What is a SHA-1 Collision Attack? | NuHarbor SecurityBy: Justin Fimlaid

What is SHA-1 and what is the history of SHA-1? Originally SHA-1 was developed as part of a U.S. government capstone project. The first version of SHA was SHA-0 and that was developed in 1993 as the Secure Hash Standard. SHA-0 was originally published as the Federal Information Processing standard publication 180. FIPS Publication 180 it was quickly withdrawn by the government and replaced in 1995 by SHA-1 which became FIPS Publication 180-1 and was then named the Secure Hash Algorithm. So that’s where the term SHA actually comes from.

The idea of this Secure Hash Algorithm is considered to be a one way compression function. It was initially intended as a security function validating the integrity of a message. Some of the ways that the SHA algorithm is used today, or other like compression algorithms or are one way hashes, is that they’re used to:

  • validate digital certificate signatures
  • they validate email PGP or GPG signatures
  • they validate software vendor signatures
  • they validate software updates
  • hey validate check sums
  • they validate backups

SHA hashes are also commonly used by systems such as GIT or subversion that are using hashes to validate the consistency of the software for the purposes of change management. The way this works is if you check out a piece of software code with a certain SHA value or hash value, then make changes and resubmit that version of the code it will have a different hash value or SHA value. This indicates to GIT or Subversion that a change has been made to the release even if it’s only a single character with in that specific code change. That is how key systems such as GIT or Subversion actually track whether a change has been made.

So let’s start getting into the technical explanation of SHA-1 collision attacks. For the attacks that have been successfully proven to date and that can be mathematically verified as a true collision exploit, those attack examples start from identical chaining values for two messages and using two pairs of blocks.

The difference in the first block pair caused a small difference in the output of the chaining value which is then cancelled by the difference in the second block pair leading to identical chaining values and hence thereby a collision. If you employed differential paths that are a precise description of differences in the state words and message words and how these different should propagate through the 80 steps needed to complete a short one calculation.

Although the first five state words are fixed in a SHA-1 changing value one can freely modify the message words of the computation and thus directly influence the next 16 state words the key solution is the concept of local collisions whereby any state bit difference introduced by the purge abuse and message. Big difference is to be canceled in the next five steps using correction message.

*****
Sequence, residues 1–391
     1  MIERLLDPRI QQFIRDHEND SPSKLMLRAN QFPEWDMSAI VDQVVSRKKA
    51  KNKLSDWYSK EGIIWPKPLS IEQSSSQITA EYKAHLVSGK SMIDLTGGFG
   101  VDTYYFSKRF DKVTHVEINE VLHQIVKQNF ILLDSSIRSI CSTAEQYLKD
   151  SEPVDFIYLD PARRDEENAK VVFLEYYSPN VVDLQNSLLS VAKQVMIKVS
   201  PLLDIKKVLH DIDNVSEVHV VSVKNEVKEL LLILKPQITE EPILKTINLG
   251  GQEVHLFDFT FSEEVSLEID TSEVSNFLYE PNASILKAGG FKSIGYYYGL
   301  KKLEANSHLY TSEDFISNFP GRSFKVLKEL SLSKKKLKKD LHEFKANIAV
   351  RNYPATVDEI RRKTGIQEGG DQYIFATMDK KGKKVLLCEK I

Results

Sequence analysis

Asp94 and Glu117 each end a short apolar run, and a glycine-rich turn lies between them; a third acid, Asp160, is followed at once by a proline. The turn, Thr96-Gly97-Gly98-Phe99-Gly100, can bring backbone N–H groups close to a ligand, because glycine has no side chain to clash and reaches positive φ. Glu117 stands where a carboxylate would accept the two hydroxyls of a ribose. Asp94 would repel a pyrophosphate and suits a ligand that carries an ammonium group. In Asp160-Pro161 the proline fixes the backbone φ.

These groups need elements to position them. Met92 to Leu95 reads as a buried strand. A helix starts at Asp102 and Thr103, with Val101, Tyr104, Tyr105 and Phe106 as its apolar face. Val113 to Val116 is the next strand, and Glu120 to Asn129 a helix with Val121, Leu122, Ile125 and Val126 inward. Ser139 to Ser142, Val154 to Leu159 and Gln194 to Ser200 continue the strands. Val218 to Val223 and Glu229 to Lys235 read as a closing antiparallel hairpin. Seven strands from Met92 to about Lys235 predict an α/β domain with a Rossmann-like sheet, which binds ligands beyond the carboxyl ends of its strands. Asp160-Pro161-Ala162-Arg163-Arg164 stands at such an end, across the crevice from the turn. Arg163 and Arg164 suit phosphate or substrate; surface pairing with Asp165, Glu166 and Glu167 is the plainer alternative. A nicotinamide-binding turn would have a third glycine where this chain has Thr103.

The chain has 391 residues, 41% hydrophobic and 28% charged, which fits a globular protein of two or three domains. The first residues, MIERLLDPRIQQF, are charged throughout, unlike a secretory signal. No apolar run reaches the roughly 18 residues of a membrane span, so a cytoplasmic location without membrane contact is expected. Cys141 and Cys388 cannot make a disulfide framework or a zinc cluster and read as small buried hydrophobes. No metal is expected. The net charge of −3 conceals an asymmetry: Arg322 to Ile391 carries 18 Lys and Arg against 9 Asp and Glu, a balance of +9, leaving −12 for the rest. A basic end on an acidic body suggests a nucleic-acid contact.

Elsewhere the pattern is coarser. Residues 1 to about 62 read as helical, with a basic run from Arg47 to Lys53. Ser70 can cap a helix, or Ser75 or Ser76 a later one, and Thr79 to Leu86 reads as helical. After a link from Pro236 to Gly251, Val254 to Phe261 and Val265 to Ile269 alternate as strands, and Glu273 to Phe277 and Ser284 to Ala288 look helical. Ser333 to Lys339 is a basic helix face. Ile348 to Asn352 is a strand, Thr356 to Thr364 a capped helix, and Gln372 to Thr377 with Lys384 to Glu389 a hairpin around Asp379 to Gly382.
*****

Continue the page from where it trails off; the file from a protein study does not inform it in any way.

In order for this to work, the equation relies on what’s called the disturbance vector. The disturbance vector that is used to correctly calculate the expanded message the disturbance vector is one of the key pieces of this equation. Every time we’re a local collision has been identified by a certain benchmark the selection of a good disturbance vector is very important to the overall attacks success the main reason for using a two block pair instead of just using a one pair is that the choice alleviates a more important restriction on the disturbance factor namely is that there is no state differences in the final steps of the attack.

In the most simple explanation I can offer.  Think of a SHA-1 value chain as a series of parts of which some can be changed, others can’t be changed otherwise the whole value chain will be materially changed.

The way the attack works, if you split a chain into two parts or blocks you can modify the first block and compensate using the second block.  Say your hash value is 6. If your original first block has a value of 4 and your second original block has a value of 2–equaling 6.  If you modify your first block to a value of 4 and your second value to 2, the resulting value is still 6.

To execute this to exploit a SHA-1 hash requires a complex mathematical algorithm. Everything the computation runs and doesn’t match it’s a “collision”. To exploit a SHA-1 hash, it could take millions of millions collisions to find the right computational matches.

Now, while this is technically doable and has been proven as such, the compute needed to run this type of attack would be expensive and take a long time (think many years).

At this point, the risk is low of exploit and the cost benefit ratio of one SHA-1 collision attack would be questionable.

If you are interested in reading more about SHA-1 Collision Attacks, here are some good starting resources:

SHA-1 Collision Explanation Page: https://shattered.io/

Malicious Hashing: Eve’s Variant of SHA-1 https://link.springer.com/content/pdf/10.1007%2F978-3-319-13051-4_1.pdf

Finding SHA-1 Characteristics: General Results and Applications: https://link.springer.com/chapter/10.1007%2F11935230_1